Project Participants: Huntington Ingalls Industries, Inc.
Project Start: December 2016

Although the shipyard’s Engineering designs are digital, physical drawings are still a main end product delivered to downstream organizations. These drawings are often from a macro perspective such as a unit or assembly, however when individual parts require fabrication, they are drawn separately as details. These details are the work instructions for machinists and other craftsmen and each unique part has its own detail. The current detail generation process in ShipConstructor requires significant manual “post processing” in order to complete development in the format desired by craft and match material to equipment used.

The envisioned Automated Part Detail Extraction process improvement would implement a mechanism to automatically dimension, label, and supplement parts coming from ShipConstructor based on identified standards from Engineering. Automatic application of these standards through the design tool itself will mitigate the need to manually retouch these detail products by a large margin just through automating the process itself. The team will accomplish this by incorporating scripting logic in to the detail extraction process. Essentially, when a designer prepares to perform the extraction they would click a GUI button, which would perform a series of actions in the background that are currently not possible in the toolset or manually intensive operations. The output will be a staged detail drawing which is prepared to be extracted, or in some fringe cases require minimal adjustment. The designer is bypassing the manual insertion and adjustment of these data items, automated through the GUI interaction in the toolset.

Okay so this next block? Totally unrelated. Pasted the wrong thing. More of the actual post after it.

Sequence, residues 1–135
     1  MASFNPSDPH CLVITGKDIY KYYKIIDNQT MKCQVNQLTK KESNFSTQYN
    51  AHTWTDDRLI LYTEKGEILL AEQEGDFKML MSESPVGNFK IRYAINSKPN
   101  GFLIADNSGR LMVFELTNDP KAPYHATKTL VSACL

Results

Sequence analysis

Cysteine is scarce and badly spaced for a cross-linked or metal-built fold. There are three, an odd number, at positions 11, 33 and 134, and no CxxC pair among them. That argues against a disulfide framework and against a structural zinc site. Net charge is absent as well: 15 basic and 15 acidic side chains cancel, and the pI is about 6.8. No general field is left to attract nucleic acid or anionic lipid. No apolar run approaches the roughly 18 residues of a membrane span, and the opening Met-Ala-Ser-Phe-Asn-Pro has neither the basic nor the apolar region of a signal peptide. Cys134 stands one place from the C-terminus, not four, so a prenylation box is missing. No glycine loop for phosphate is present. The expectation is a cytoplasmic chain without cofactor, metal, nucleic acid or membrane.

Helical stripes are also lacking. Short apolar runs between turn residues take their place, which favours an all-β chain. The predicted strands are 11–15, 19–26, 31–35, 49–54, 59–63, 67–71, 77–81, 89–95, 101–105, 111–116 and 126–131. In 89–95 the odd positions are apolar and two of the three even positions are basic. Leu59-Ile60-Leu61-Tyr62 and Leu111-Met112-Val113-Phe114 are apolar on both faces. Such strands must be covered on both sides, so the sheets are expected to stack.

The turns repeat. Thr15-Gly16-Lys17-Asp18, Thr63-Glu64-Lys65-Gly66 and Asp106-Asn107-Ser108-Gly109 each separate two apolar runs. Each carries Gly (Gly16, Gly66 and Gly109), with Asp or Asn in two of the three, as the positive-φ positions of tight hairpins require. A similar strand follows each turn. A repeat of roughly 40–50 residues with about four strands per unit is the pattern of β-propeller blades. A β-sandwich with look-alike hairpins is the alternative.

The 6-month effort will target labor reduction required to generate part details. The team will examine the standards required to be present when producing detail drawing extractions for fabrication then work with technologists to determine which elements can be automated electronically in the enterprise toolset. The technologists will create the computer instructions necessary to automate application of the standard and the end-users will validate it was conducted successfully. Once accepted, the scripted automation will be distributed across personnel extracting details for production use. Once implemented, Ingalls anticipates this effort will reduce labor hours required to provide instruction artifacts for fabrication, which translate into a potential cost savings of $503K per DDG hull or $2.5M over five years.

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